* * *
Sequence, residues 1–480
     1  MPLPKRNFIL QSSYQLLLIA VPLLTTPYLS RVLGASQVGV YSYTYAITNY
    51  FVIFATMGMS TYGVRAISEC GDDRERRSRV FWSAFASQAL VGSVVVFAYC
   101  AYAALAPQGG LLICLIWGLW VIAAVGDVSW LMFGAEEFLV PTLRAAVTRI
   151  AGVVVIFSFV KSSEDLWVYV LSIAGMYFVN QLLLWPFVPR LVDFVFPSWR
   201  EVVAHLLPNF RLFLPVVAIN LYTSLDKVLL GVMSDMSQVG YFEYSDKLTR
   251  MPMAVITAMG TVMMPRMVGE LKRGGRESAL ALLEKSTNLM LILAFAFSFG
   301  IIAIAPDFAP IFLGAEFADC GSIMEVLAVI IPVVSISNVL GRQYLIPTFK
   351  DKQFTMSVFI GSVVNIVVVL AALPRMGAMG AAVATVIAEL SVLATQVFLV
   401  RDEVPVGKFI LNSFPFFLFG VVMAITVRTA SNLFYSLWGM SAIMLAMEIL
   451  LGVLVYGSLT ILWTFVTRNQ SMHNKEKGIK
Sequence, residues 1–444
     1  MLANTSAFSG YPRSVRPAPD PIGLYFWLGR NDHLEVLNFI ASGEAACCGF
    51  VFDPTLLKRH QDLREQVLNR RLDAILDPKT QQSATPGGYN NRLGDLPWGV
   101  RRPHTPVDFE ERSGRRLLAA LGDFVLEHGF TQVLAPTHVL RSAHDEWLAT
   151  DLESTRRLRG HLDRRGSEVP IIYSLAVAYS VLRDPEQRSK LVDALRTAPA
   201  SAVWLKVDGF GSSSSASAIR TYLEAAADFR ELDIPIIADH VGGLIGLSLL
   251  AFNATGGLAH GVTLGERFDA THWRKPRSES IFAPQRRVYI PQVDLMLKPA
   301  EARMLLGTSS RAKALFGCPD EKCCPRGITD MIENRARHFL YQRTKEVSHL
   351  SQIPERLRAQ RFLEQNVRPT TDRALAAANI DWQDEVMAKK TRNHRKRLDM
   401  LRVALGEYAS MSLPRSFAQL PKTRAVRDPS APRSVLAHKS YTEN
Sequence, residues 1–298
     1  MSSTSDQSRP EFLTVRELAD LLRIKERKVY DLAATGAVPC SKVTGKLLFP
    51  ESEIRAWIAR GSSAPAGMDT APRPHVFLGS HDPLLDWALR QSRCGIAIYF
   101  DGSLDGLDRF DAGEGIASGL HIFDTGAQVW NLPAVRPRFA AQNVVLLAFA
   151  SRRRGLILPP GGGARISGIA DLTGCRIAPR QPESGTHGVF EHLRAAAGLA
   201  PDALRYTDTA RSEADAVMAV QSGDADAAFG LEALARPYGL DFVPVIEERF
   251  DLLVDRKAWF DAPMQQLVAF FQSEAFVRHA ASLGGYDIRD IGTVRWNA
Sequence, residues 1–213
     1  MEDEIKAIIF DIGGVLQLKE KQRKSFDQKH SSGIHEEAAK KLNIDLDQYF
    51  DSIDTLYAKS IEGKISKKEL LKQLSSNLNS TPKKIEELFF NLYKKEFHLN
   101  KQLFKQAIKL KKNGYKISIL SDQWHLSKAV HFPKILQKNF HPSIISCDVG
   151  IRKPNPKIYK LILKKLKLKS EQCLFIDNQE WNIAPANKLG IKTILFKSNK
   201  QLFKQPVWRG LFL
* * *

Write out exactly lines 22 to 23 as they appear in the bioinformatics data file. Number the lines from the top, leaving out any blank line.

Sequence, residues 1–298
     1  MSSTSDQSRP EFLTVRELAD LLRIKERKVY DLAATGAVPC SKVTGKLLFP